LFD Off-Road Roof Rack System Review on 5th Gen 4Runner
An overview of the LFD Cargo-stop brackets, Steel Rails, and Crossbars
There are many options for roof rack setups for the 4Runner and it seems everyone has their preference from well-established names like Gobi, Frontrunner, and Rhino-Rack to CNC style roof racks Southern Style Off-Road and Prinsu Design Studio.
The options can be overwhelming.
These are all great options, one name that might have not popped up on your radar is LFD Off-Road. LFD is an offshoot of Leonard Fabrications based in North Carolina.
They make a verity of products for the off-road community and specialize in Lexus GX and Toyota 4Runner lines.
This is a review of their 7/8 Roof Rack System. The rack is modular and made of 7 gauge steel rails and 11 gauge steel for cross bars.
Main Factors to Consider
When deciding to go with a roof rack setup I was looking for 5 key factors:
- Cost – Check the price
- No drill
The LFD Off Road rack definitely hits all these marks.
One of the great things about this rack is that it’s modular and can be built as a full setup or a simple as you want. This makes the LFD rack one of the most budget-friendly racks out there.
Each crossbar cost roughly $80 dollars and the rails range from $200 for the 3/8 to $250 for the 7/8. You can build the rack as your needs and budget increases.
LFD also sells complete rack kits with rails and crossbars included for roughly $900.
LFD CROSSBARS MOUNT TO FACTORY RAILS
For my build, I started out with two sets of the heavy-duty crossbars to carry a few items and mount my awning. The crossbars bolt on directly to the factory roof rails via a slide in t-nuts.
They come with pre-drilled holes in M8 and M10 sizes that give plenty of options for mounting different accessories. They’re also compatible with Frontrunner eye bolts which is a nice plus.
HEAVY-DUTY CROSSBARS WITH GEAR LOADED
This setup worked out fine for some time.
I was able to mount my awning, Waterport and a Plano sportsman trunk without any issues.
Later I decided to add the cargo-stop brackets
These are purchased separately and add extra security when loading the rack and they also have built-in slots for mounting LED bars or pods.
These brackets bolt on directly to the crossbars.
LFD Off Road (7/8 size rails) with adjustable slots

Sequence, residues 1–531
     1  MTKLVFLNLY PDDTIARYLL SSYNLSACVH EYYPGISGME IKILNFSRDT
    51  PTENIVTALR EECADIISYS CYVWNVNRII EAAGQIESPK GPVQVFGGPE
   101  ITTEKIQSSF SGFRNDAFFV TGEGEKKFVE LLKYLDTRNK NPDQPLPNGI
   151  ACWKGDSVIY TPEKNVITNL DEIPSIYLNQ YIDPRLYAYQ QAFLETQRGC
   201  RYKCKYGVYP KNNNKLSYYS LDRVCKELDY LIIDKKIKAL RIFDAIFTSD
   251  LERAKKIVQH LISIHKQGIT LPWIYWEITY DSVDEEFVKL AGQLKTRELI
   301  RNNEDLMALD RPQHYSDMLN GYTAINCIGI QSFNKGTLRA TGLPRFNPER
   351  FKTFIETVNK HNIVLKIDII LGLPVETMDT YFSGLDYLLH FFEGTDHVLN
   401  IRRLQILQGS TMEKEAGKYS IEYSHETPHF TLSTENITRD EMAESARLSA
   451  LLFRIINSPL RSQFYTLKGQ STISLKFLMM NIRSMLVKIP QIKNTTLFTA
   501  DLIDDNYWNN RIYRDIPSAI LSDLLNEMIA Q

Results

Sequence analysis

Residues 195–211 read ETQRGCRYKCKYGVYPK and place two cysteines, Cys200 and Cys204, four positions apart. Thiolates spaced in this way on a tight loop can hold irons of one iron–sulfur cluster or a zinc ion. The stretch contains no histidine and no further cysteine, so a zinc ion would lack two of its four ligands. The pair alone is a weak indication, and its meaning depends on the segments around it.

To complete the build I bought the 7/8 size rails, which replace the factory rails from Toyota. LFD has options for 3/8, 7/8 and full rack setups.
All LFD rails are made of 7 gauge steel and have adjustable slots for configuring the crossbars whichever way you want. Installing the rails works pretty much the same way as any other rack.
The best part is that there is no drilling required on any setup, whether its 3/8, 7/8 or full-size rack.
Remove the Factory rails to install the 7/8 LFD rails
To get these bad boys on First, you have to remove the factory rails by popping off the end caps. To do this LFD recommends using plastic trim tools. Start by sticking the plastic trim tool between the rubber seal and the plastic cap and pry them upward. The caps are held by some plastic clips. You will hear a popping sound once the caps come loose.
Once the caps are removed, unbolt the bolts using a 13mm ratchet and clean out any residue from the mounting bolts. I used some warm soapy water. Once the areas are dry place a small amount of rvt silicone gasket sealant around each bolt hole as well as the inside of the bolt holes.
LFD provides an aluminum bracket to help mold the gasket. One thing to note is that you don’t want to overdo it with the gasket sealant. The rails along the body of the 4Runner are actually meant to act as a rain gutter. Adding too much sealant will cause water to collect in the bolt areas and will prevent it from running off the rails.
Next, hoist up the rails onto to roof. Having a buddy assist during this process will make the job easier but I was able to do it my self. I also recommend placing a moving blanket or foam pad on the roof to avoid making any scratches or dings.
Next, alight the rails to the bolt holes and use the factory bolts to secure everything in place. Leave these hand tight to make room for any adjustments before tightening everything.
Once the rails are setup you are ready to add the crossbars. Start with the bars on the front and back. Then place the middle bar. Once these are in place you can fill in the remain bars. Once everything is adjusted and aligned you can tighten everything up.
LFD Rack System Cost
As mentioned the LFD system can range from simple crossbars to a full-size rack. The cost will depend on what your needs are. A typical range can be from $189 to $900 depending on your setup.
For my build the cost break down is as followed:
- 5 Crossbars: $387.37
- Side rails: $267.49
- 2 Cargo stop brackets: $128.38
- Total: $783.24
LFD offers a few accessory options to mount a Hi-lift Jack and a set of Maxtrax recovery boards. Additionally, they sell crossbar extensions to mount additional gear
In summary, the LFD Off Road rack is definitely worth a look. The rack is modular and can grow as your needs/budget increases.
With its powder coating and 7 and 11 gauge steel construction the quality is top notch, additionally, each part can easily be replaced if ever damaged.
Anyone considering a rack option for the 4Runner should add the LFD Off Road rack to their list.